Suppose you have a machine whose basic operations are integer addition, subtraction and multiplication, and greater-than-or-equal testing. Theorem: you can’t determine whether a number n is odd faster than some constant times log(n).
Proof: suppose you can; then, in particular, for large enough k your program should be able to determine for any number up to (let’s say) 210k whether the number is odd or even, and do something different in each case, using at most k steps. I’ll show that it can’t.
Well, what can the program have done within k steps? It’s done at most k comparisons so there are at most 2k code paths. Each comparison is testing the sign of some polynomial in n; what polynomial depends on the results of previous comparisons. In any case, the path the program has taken up to this point can depend only on the values of at most 2k polynomials in n. Oh, and they all have degree at most 2k.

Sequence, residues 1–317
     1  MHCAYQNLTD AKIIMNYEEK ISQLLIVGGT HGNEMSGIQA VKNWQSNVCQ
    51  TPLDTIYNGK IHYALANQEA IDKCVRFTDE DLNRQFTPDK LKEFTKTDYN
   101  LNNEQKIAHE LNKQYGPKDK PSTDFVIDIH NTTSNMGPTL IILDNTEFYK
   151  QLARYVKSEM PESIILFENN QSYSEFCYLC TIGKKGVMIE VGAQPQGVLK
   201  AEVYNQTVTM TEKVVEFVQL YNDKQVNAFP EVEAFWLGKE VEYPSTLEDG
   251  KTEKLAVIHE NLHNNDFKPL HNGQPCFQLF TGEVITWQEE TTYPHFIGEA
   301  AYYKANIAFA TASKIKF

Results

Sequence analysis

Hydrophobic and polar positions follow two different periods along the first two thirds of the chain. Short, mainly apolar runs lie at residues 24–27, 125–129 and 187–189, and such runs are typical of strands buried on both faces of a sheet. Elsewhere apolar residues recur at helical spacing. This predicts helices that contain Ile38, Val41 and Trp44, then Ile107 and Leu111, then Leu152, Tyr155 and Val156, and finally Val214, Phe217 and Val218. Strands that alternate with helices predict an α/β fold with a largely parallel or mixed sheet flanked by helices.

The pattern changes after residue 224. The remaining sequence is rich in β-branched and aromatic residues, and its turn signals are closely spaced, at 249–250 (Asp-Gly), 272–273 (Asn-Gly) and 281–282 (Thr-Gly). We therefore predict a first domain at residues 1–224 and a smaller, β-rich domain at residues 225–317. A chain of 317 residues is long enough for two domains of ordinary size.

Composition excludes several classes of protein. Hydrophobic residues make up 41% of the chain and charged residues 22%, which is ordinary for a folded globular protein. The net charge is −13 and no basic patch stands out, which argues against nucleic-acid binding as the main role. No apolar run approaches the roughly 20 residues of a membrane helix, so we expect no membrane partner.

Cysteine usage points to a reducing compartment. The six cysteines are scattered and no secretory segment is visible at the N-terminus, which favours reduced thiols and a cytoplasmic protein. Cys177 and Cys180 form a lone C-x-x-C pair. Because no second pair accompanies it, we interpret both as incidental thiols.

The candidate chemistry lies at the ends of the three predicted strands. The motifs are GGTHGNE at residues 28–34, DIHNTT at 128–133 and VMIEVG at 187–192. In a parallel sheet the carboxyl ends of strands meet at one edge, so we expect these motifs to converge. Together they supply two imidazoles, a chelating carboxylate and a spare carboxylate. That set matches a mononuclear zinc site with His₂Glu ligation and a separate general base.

Well, all these polynomials collectively have at most 22k roots. We can therefore find an integer m no bigger than 22k+1 such that none of those roots lies between m and m+1 inclusive. (Each root excludes at most two choices of m.) But then our program must produce the same results for m and m+1 since all the comparisons it does produce the same answer for both; since m and m+1 have different parity, it therefore can’t be doing the right thing for both of them.
Knuth’s book contains many clever algorithms. From the cursory reading I’ve given it so far, its contents don’t seem to be “papers on the design of algorithms” any more than the works of Shakespeare constitute “papers on the writing of plays”. So the title’s a bit misleading, which is a pity (it would be very interesting indeed to read Knuth’s thoughts on how to design algorithms) but not a surprise. The book is of course very good anyway.
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